One of the students' compartments on the train to Warsaw:
I took a sleeping pill in order to sleep on the train and it worked. I managed over six hours despite the noise, the motion, the heat from the electrical outlet on the wall near my pillow that came on and off during the night, etc. Since I was right next to the student compartments, I was easily able to give them plenty of notice of our arrival in Warszawa Centralna station. No one in their socks on the platform this time. Still a little confusion on my part on arrival, since I couldn't buy metro passes with my credit card and that meant I needed to get a lot of cash quick. It took a while to find a bank with an ATM.
Eventually, though, I got the money, the tickets, and found the tram to the hotel. Our rooms were ready, so I checked everyone in and we all got breakfast and showered (or the other way around). Around 10 am, we headed off on the tour.
We started with my searching, successfully (after a while) for the two remaining fragments of the Warsaw Ghetto wall.
Then we walked to ul. Prozna where there is an old tenement building from the ghetto that is slowly falling to pieces. Two years ago there were two buildings here; the one on the right was torn down.
After that it was the Nozyk synagogue
And then the Jewish Historical Institute. Their main exhibit on the Warsaw Ghetto, including one of the milk cannisters used to hide the archives, is now at the Museum of the History of Polish Jews, so we could only see the film and an exhibit on how Polish artists have confronted the Holocaust.
This one is called "There's No Such Thing as an Innocent Eye" and consists of photographs of former synagogues being used for other purposes:
It was after 12, so I took the students through the Old City to a very traditional "milk bar" (kind of communist-era diner) near the barbican. I had the barley soup and the blueberry perogie in sour cream.
The way it works is you order and pay at the register and then hand your slip to a woman behind this window, who then brings you your food:
We walked from there to the Umshlagplatz, passing some interesting wall art that seemed to be devoted to the Warsaw 'Rising of 1944.
By the hotel I used last time we saw a memorial to the many Poles deported to prison camps by the Soviets between 1939 and 1955.
This area, which includes the northern part of the ghetto, was where the command bunkers of the Jewish underground were located, so there are many memorials here. In addition the Museum to the History of Polish Jews has finally, though only partially opened.
The permanent exhibit isn't open yet. All you can see so far is the roof of the reconstructed wooden synagogue, but they have temporary exhibit on Jewish home movies of the 1930s with background music by the Klezmatics.
After all that walking we really needed a coffee break, so I found a wonderful little bookstore/coffeeshop a block away called "Paradox." It's dedicated to all things science fiction and fantasy, and sure enough, "Hellboy" was on the front door:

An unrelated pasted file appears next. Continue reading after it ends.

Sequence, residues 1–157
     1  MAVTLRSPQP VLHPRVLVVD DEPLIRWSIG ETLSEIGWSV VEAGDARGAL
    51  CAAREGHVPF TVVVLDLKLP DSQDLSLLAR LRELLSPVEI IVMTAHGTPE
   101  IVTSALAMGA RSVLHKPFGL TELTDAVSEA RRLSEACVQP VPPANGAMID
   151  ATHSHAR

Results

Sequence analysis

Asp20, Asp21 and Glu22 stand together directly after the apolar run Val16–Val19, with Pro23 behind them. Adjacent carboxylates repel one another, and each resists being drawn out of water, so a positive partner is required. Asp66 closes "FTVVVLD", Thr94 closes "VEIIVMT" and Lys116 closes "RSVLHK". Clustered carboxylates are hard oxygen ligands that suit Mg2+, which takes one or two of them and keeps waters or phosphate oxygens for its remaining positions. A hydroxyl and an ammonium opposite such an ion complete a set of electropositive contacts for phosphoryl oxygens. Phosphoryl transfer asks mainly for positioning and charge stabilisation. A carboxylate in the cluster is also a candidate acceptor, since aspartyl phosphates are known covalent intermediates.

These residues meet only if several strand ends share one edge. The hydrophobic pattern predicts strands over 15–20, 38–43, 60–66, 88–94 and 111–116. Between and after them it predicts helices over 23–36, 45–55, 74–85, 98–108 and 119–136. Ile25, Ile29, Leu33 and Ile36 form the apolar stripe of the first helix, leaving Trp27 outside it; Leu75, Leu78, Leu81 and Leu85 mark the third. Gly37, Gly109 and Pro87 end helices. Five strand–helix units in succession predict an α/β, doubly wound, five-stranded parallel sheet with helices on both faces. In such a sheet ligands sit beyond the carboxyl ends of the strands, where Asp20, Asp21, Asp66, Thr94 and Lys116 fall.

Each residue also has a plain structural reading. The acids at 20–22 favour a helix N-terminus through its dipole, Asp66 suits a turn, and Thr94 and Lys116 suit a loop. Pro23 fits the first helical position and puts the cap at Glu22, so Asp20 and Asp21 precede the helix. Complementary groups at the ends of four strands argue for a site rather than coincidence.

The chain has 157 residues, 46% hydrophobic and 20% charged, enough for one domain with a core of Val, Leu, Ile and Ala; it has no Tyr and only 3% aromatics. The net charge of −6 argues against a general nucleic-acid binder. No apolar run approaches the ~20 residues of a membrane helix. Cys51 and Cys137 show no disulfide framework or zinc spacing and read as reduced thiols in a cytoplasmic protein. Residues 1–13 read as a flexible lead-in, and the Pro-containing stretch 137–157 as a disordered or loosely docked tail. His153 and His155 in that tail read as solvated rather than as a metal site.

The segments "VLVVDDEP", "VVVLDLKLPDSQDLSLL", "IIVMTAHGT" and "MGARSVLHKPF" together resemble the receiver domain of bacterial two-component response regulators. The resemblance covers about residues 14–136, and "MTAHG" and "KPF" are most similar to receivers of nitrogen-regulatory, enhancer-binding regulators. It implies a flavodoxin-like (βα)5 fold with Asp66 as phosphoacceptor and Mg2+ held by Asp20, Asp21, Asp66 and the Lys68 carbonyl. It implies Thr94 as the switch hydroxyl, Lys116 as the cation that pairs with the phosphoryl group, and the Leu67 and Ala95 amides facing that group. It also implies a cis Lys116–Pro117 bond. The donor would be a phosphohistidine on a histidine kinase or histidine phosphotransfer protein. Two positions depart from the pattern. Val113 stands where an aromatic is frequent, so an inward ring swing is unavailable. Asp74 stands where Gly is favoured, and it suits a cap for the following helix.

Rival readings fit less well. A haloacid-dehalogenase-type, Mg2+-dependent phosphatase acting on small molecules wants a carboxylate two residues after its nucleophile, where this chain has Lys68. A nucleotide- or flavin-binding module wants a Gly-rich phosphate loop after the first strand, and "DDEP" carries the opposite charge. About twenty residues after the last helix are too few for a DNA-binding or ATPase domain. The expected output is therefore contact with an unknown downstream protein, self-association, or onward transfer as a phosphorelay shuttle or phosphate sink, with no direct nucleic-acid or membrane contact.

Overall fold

And "Game of Thrones" over the bar:
It turns out that several students are manga fans, particularly of one my niece's favorite series: Black Butler, and they love the character of Sebastian. Another loves the series Full Metal Alchemist.
I had hoped to go to the Museum of the Warsaw 'Rising, but there was no way to tour it sufficiently before it closed at 6 pm. Besides, I still hoped to get the students to Beit Warszawa for Friday night prayers and dinner, and one student whose ATM card was eaten by a machine, hoped to get it back.
Given the logistical hurdles, there was no way the student who had to go to the bank could join us for dinner, so I took the six students who wanted to go (one wanted to rest up) and we got on the bus for the ride down to the Wilanow neighborhood. We got there in time and the students all sat in the back. One student who works with Orthodox Jews told me later that she loved to be able to participate by sitting with everyone. The sermon was in Polish, but they provided an English-language translation. Almost all the prayers were in Hebrew, and only one or two was said in Polish (not that the students could understand Hebrew any better, but it made it much easier for me).
Beit Warszawa is a liberal synagogue, so there's no mechitzah and the rabbi uses musical instruments (a guitar). A fair number of Debbie Friedman melodies and I was struck by the use of Israeli Hebrew pronunciation, rather than the traditional Polish accents. I asked the rabbi afterwards, and he said that they follow the Reform movement's approach of using Israeli pronunciation. I suggested that with the rupture of the Holocaust and then communism, perhaps the accents they were using derived from the Jews who came back to Poland to teach people. If the Orthodox use an Ashkenazi accent, perhaps it's because their teachers from the U.S. had such an accent.
I chatted with an American library science professor from Oregon State University, so by the time I got into the dinner room, most of my students were seated at their own table. I ordered as many of them as I could to get up and sit at a table with Polish Jews who also spoke English. I wanted them to learn and interact, not just sit with each other. Three moved to the other table and I could hear them sharing stories and hearing about Jewish life in Europe. I stayed with the three students who remained and kept them company. Later, I tried to get them to join the three other students by pulling their chairs around and most did.
The students all seemed to enjoy the evening.